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Campfire Conversations

We enjoyed the first campfire of the season with friends last night. What a perfect evening – it was great to be outside again, even if the three glasses of wine led me to a few too many munchies.

I love my friends. I don’t know how it happens, but it seems as though a high percentage of conversations digress to bodily functions at some point in the evening. I know some may see that as obscene or at least very crass, but it’s really one of the things I like about my friends. It’s not that I want to sit around and talk about farts or the merit of being able to poo in public restrooms, but it’s good to share space with people who feel that at ease with one another. It’s like family that you choose. Does that make sense?

Conversation didn’t digress quite that far last night, but a quick mention of removing unwanted hair in the nether regions brought us close enough. The thing about this banter is that it usually morphs into discussions that ponder life’s bigger questions. Those topics aren’t often broached with acquaintances either. So, if it takes a little talk about diarrhea to go deep, then so be it.

Last night as we sat around the fire, we danced around destiny… do you believe in it? The topic arose as a result of what is the proper thing to say to the bereaved.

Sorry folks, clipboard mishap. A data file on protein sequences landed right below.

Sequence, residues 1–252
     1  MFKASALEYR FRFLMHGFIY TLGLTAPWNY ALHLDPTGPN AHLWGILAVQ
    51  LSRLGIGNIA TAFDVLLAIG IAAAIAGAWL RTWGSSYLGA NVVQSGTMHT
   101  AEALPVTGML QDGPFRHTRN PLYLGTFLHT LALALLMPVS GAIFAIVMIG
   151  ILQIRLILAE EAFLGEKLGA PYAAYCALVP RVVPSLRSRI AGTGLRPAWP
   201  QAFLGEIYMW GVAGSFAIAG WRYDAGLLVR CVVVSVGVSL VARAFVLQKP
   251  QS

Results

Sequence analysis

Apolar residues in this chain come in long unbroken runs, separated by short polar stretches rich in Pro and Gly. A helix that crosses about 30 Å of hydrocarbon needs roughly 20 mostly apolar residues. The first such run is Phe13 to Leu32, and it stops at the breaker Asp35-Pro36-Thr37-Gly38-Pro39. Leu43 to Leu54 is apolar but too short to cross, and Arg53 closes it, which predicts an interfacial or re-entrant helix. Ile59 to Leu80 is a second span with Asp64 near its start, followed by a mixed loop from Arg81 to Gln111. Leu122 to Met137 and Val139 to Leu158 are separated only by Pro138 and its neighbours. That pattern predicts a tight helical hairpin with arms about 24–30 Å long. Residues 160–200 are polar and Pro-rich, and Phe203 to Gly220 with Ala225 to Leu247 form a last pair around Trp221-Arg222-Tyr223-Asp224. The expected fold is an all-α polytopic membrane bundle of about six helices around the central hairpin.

There are certain times when words are simply inadequate, but people fill the dead space with all kinds of dim-witted comments. I used to keep a list of all the stupid things that people said to me after our twins died. You’d be amazed and horrified. I came away from that experience with a lot, but one of the things I learned is less is more. “I’m sorry,” is about as good as it gets and then shut your pie hole.

Don’t tell me it was meant to be that babies die or 13-year-old boys for that matter. I just can’t reconcile that in a place where I want to believe in a God.

I can, however, arrive at a space where I accept that human beings experience some really bad stuff throughout the course of our time on earth, and perhaps the point or the destiny in all of it is the relationships that develop along the way. While I would never want to experience the loss I felt when our twins died, I know I’m a better person as a result. I think that was my miracle, but it certainly wasn’t the one I prayed for.

I’ll never pretend to have all the answers. Most of the time, I simply muddle through trying to pick up tidbits to help me with the next thing that comes my way. The camaraderie around the campfire reminded me that I’m not alone in this journey and people are what make it what it is.


2 Responses

  1. Just today I was at the ballgame with friends and sharing how I can’t shave under my arms with my shoulder injury! Not sure how it came up in conversation.

    I always struggle with words for comfort, either when someone has lost a loved one, or some is seriously ill. One thing that I personally liked when my dad died was to have people share their favorite stories/memories of him.

  2. I went to the service today, and as difficult as it was to be there for a 13-year-old boy, I was glad I went. Most of it was a time to share memories. Life is hard.

    On a lighter note, I’m glad I’m not the only one who has friends who talk about body schtuff.

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